In their most recent incarnation of Poor Theatre (2004), the program notes explicitly discussed the group’s compulsion for the simulacrum—the copy, the reproduction. The concept, most (in)famously theorized by Jean Baudrillard, is an incredibly beautiful and devastating post-structural analysis of late capitalism and reproduction, an era in which the copy has replaced the original, and, more importantly, the original can never be resuscitated. I won’t get the blog bogged down with linguistic theory and semiology, but meaning has been lost in an infinite web of representation. This was quite intriguing in Poor Theatre, in which the group attempted to imitate Jerzy Grotowski’s Akropolis, a William Forsythe lecture, and a Max Ernst documentary. The group performed whilst watching the video on monitors set all around the performance space.
Significantly, however, they were constantly inserting themselves (beyond the impossible escape from their own consciousnesses), their story in their visit to Grotowski’s lab in Wroclaw, Poland, or Liz LeCompte’s voiceover concerning her affinity with Ernst, or the very fact that the images of the sound and lighting board operators were projected for almost the entire performance. Here, the group was brilliantly working with the impossibility of the origin, exposing the artifice of their own (indeed, all) performance.
This is not the case with Hamlet, however. For the majority of the three hours, the cast is, and I write this without a hint of irony, acting. In all fairness, they are brilliant actors, probably the best working in New York today, but it was the lack of their mark in the performance that made the piece a tad boring at times. The Wooster Group should be anything but boring, even in moments of quiet and immobility.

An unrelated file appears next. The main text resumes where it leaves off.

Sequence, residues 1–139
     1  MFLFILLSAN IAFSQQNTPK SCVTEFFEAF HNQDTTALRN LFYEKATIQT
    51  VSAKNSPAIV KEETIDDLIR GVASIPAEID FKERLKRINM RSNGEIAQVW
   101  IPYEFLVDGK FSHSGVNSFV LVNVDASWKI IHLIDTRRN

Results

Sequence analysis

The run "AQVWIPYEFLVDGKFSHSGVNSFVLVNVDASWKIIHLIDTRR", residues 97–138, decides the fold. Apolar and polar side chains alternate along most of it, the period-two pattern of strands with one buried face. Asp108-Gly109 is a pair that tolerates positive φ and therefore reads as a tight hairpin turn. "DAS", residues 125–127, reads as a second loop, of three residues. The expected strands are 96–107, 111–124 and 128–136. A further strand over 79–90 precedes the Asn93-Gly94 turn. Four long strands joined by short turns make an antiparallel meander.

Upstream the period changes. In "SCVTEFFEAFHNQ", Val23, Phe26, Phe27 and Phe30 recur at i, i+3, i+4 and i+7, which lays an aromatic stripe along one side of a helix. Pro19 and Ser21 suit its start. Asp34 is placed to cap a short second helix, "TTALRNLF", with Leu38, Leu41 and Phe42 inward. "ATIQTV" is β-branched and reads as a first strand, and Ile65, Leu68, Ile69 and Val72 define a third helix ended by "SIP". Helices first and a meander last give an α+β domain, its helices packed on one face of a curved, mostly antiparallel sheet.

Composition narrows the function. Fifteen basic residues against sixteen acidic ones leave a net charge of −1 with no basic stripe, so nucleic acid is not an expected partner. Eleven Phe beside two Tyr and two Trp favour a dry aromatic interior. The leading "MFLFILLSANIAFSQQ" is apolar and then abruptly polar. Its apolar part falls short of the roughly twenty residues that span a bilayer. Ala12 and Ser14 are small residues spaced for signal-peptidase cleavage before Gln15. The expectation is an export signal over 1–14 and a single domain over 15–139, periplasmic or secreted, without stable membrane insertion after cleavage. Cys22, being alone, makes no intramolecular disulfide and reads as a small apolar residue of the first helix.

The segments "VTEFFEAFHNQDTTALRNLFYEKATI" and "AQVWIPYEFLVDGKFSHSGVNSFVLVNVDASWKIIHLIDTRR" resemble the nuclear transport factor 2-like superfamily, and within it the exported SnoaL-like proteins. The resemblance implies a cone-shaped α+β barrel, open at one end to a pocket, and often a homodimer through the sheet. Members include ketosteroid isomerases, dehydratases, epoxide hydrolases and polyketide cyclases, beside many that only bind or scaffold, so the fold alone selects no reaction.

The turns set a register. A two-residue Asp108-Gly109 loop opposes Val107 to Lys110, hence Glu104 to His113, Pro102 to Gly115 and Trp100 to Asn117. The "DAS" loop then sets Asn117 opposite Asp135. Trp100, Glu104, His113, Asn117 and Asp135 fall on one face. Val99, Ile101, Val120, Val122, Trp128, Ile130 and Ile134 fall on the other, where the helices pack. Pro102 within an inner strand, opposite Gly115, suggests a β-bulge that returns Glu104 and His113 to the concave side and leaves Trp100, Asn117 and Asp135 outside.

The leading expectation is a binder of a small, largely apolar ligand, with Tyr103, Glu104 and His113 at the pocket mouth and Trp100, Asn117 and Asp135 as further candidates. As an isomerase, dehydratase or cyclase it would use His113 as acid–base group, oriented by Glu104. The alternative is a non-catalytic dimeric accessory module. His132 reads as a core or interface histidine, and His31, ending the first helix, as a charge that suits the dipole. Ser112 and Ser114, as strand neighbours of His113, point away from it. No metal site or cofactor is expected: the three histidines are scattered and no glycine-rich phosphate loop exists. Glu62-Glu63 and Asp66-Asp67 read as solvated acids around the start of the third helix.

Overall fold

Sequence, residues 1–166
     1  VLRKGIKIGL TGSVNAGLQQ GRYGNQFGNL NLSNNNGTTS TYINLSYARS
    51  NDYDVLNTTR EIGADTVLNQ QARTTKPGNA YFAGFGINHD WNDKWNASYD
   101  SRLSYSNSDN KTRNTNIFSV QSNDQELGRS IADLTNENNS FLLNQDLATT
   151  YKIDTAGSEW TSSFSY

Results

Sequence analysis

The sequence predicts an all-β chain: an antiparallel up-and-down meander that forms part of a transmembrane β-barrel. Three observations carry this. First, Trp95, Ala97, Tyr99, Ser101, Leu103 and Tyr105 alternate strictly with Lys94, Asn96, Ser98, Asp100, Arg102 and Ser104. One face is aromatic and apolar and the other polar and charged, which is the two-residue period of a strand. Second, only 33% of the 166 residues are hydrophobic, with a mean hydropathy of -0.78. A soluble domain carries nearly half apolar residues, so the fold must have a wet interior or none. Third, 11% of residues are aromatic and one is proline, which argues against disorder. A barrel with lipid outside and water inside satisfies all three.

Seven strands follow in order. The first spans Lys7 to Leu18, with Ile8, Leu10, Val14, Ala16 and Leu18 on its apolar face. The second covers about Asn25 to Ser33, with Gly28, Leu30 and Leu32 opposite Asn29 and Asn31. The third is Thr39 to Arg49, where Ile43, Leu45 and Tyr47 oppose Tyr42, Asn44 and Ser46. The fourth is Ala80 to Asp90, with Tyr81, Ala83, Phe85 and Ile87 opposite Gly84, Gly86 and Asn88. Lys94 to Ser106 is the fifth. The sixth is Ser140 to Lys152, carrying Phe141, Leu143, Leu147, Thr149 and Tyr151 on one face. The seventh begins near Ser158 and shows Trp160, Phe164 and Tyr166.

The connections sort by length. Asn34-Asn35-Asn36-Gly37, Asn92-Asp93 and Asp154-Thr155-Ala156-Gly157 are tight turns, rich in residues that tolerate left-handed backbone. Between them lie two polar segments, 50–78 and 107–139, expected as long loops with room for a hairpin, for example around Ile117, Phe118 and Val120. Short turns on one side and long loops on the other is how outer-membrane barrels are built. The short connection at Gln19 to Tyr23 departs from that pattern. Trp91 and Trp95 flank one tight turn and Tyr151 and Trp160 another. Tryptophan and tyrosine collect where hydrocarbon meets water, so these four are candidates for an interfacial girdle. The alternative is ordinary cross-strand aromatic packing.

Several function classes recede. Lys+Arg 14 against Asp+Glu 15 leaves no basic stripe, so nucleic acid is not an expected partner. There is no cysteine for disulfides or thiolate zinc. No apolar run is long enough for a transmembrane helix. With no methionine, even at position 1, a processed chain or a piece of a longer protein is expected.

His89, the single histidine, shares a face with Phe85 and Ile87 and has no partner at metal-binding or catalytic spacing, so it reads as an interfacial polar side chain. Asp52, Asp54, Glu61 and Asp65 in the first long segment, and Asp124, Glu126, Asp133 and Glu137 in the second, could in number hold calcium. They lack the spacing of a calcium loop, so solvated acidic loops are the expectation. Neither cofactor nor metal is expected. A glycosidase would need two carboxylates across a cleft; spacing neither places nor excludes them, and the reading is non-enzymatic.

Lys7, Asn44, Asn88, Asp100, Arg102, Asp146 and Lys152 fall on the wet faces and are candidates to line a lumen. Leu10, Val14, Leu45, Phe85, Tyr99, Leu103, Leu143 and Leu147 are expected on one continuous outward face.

It is the hiccups in their performances that make them incredible, epitomized when Scott Shepard breaks character to tell the video operator to fast forward through part of the “players scene,” with an exchange between Gertrude and Ophelia (both are played by Kate Valk, making the scene impossible, or at least silly); or when a piece of the film is “Unrendered” and the videographer is forced to insert other filmic interpretations of Hamlet (Kenneth Branaugh, Ethan Hawke—thankfully no Gibson). But these moments are way too few and far between. Without the transparency of their methods and aesthetic, the Wooster Group doesn’t interrogate their subjects with the same rigor, not to mention sense of humor (very important when dealing with the campiness of Burton’s film—in Theatrofilm!).
As a result, the subtlest elements are allowed to shine, meaning Geoff Abbas, Dan Dobson, Joby Emmons, and Matt Tierney’s incredible and intricate sound design, that astounds me every time, and the amazing ghosting of Burton’s film rendered by Reid Farrington, which lends the piece a macabre feel and blends the live and mediated casts together nicely, particularly when Shepard’s shadow is cast over the film screen, which overlaps the shadow of the ghost of Hamlet.
With the Wooster Group, there are only shades of wonderful, though, and the performance is captivating overall. Perhaps it’s the bias of my expectations of the Wooster Group, or even that in conjunction with their attempt at a play widely considered the greatest in dramatic literature, but this one left me feeling out of joint.